I had stale files in Finder when I used noac,nonegnamecache in the NFS mount options on Yosemite. Removing those options fixed the problem. Instead of noac (which is equivalent to actimeo=0), I added actimeo=1 to set the attribute cache timeout to 1 second. I'd prefer if the attribute cache was disabled completely, but this way at least the timeout is low.


2

I had the same problem and found a solution here that worked for me: dscacheutil -flushcache killall Finder The man page of dscacheutil says that the -flushcache option should only be used in extreme cases, so there may be risks to this method that I'm not aware of.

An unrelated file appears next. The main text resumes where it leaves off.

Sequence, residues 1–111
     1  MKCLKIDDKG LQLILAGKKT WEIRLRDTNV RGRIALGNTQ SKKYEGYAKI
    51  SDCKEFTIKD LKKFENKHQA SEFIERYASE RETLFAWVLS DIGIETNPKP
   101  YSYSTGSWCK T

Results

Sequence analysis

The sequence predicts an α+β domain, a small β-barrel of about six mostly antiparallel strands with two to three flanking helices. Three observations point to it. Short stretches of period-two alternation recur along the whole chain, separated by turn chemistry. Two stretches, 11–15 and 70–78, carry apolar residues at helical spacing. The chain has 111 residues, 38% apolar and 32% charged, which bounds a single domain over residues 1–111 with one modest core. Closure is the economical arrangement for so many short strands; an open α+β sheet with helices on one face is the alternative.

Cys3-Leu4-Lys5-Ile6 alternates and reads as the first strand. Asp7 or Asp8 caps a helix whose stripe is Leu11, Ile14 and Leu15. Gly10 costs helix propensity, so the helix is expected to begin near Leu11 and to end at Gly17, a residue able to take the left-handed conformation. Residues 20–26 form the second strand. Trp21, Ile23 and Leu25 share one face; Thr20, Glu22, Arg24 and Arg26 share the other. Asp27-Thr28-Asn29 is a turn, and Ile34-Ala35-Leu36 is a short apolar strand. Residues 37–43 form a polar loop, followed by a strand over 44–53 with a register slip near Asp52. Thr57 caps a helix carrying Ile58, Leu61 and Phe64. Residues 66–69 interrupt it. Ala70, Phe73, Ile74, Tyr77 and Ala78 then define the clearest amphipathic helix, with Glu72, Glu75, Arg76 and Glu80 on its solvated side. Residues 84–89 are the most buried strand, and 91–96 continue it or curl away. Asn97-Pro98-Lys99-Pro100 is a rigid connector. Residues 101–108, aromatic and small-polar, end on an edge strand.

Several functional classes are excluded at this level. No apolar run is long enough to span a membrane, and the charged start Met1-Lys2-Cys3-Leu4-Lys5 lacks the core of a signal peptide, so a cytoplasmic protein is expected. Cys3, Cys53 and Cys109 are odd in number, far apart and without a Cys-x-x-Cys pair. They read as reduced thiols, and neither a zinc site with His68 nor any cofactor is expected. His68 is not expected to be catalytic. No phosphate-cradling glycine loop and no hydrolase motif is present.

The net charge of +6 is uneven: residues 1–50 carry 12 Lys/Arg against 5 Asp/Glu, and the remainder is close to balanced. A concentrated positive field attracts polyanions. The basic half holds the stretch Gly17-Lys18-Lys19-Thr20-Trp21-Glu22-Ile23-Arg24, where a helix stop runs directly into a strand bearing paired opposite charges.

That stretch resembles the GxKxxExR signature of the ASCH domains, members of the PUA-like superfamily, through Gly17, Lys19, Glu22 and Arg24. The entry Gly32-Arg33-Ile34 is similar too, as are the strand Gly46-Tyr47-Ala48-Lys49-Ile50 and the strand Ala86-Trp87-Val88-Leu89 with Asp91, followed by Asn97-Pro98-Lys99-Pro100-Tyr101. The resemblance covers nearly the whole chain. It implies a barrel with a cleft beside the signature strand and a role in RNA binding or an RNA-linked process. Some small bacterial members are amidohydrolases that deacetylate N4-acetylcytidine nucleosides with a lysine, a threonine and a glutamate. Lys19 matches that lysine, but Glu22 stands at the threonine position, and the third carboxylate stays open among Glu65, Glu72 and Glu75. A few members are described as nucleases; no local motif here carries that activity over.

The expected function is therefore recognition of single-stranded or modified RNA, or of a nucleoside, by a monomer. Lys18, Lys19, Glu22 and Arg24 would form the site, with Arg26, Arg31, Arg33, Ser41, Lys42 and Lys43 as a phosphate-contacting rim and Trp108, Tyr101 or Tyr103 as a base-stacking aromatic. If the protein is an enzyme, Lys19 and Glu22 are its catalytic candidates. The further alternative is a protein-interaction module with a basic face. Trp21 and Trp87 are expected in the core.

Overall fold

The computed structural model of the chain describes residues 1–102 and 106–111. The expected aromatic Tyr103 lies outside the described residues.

2

If you're explicitly looking to make a copy of the existing backups (a backup of the backups), you will need to make a disk image with Disk Utility. Time Machine uses hardlinked directories which are only supported by HFS+, so you need HFS+ in a container. You'd be much better off running netatalk on the Ubuntu server, which will share the disk over AFP, ...


2

Very late answer, but you should add nfc to /etc/nfs.conf nfs.client.mount.options=nfc man mount_nfs for details of the options.


2

Using autofs, as suggested by others is probably the way to go. Most of what follows works in El Capitan, which made auto mounting more difficult, but it should apply to Mavericks too. I do not have a Mavericks system to test. In order to make this work edit /etc/auto_master and add the following line: /- auto_nfs -nobrowse,nosuid Then create ...